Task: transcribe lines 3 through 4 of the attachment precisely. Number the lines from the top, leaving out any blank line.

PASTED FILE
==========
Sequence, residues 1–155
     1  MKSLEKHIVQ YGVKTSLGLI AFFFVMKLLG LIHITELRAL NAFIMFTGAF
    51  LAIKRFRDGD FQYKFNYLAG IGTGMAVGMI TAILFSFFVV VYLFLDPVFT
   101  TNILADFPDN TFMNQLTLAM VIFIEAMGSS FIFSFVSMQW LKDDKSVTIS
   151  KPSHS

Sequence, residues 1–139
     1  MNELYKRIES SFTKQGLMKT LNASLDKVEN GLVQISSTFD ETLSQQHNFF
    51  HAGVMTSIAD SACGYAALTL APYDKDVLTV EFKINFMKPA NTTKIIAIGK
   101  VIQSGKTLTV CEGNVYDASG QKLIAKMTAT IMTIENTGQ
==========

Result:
    51  LAIKRFRDGD FQYKFNYLAG IGTGMAVGMI TAILFSFFVV VYLFLDPVFT
   101  TNILADFPDN TFMNQLTLAM VIFIEAMGSS FIFSFVSMQW LKDDKSVTIS